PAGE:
Four artists contributed works to this exhibit of site-specific installations, including Mia Feuer, whose jackal-headed, missile-shaped, Styrofoam forms deliberately confound notions of lightness and heft; Talia Greene, who creates wallpaper that includes hand-drawn ants as an integral component; and Mariah Anne Johnson, who fills out empty spaces in the gallery with meticulously folded and stacked vintage fabrics. But the exhibit’s standout is Margaret Boozer. With a nod to the rigorous minimalism of Carl Andre and the earthworks of Robert Smithson, Boozer convinced the contractor digging up the old convention center site two blocks north of the gallery to let her remove samples from a subterranean bore of soil and rock. With gravels, clays and rocks in hand, she meticulously recreated a geologically accurate linear progression by laying them down in a tightly circumscribed ribbon on the gallery floor, ending with a few small logs that hadn’t touched air from the Cretaceous period, when dinosaurs roamed, until Boozer’s excavation. Her project exhibits intellectual heft by reflecting what literally undergirds the gallery, but it also benefits from a winning, how-she-did-it video, in which she comes off as an unpretentious geology geek who is most at ease hanging out with engineers and scientists.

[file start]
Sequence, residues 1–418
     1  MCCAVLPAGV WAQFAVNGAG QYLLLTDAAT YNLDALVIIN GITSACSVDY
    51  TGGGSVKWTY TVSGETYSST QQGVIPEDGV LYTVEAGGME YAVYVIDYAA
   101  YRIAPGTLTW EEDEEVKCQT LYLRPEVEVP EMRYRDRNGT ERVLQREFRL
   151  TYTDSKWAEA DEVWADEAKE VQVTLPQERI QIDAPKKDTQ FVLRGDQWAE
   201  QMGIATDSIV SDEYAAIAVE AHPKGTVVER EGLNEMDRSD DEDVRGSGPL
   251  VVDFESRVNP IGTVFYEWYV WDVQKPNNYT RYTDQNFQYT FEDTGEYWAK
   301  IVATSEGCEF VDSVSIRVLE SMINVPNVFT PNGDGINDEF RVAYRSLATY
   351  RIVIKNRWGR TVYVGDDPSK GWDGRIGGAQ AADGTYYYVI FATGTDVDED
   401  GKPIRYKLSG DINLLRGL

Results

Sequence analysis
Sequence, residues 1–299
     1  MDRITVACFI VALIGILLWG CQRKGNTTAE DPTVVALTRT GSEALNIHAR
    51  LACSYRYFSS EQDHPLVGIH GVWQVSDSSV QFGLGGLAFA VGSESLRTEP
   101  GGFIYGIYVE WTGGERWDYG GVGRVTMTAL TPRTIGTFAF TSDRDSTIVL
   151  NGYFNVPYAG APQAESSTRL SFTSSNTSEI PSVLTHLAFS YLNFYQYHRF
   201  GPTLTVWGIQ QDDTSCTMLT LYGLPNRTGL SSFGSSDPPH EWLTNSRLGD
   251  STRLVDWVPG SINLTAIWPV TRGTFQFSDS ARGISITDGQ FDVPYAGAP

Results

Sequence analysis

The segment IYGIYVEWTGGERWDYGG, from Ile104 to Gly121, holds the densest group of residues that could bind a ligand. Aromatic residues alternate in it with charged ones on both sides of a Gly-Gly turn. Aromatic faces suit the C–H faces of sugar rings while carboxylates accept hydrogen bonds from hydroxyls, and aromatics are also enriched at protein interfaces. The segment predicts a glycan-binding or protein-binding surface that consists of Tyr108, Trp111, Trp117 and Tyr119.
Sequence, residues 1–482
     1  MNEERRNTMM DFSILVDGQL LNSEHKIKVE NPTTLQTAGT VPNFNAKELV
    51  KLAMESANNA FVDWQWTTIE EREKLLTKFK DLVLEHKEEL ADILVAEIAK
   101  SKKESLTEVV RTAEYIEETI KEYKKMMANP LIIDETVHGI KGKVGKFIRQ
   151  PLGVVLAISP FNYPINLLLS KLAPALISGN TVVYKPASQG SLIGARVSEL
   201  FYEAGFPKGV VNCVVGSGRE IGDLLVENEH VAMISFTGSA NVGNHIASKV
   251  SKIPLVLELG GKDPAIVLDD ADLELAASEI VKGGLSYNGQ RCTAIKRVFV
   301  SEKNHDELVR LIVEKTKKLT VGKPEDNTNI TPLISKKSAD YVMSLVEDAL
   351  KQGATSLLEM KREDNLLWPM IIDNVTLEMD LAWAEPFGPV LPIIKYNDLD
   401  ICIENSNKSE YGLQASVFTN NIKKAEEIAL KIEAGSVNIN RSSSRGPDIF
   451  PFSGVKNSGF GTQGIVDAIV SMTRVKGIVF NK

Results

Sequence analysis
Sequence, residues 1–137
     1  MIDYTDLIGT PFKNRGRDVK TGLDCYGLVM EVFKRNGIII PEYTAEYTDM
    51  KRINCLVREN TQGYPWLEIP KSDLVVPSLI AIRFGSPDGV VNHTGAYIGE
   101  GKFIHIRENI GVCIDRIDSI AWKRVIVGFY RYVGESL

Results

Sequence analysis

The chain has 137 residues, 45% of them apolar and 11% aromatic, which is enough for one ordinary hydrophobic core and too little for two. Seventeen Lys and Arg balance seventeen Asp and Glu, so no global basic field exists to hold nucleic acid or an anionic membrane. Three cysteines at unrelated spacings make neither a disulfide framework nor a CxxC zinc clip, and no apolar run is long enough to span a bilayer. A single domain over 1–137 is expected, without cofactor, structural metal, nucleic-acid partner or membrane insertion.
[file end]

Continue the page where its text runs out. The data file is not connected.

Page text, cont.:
The exhibition is on view noon to 6 p.m. Tuesday to Saturday to Nov. 5 at Flashpoint, 916 G St. NW. (202) 315-1305.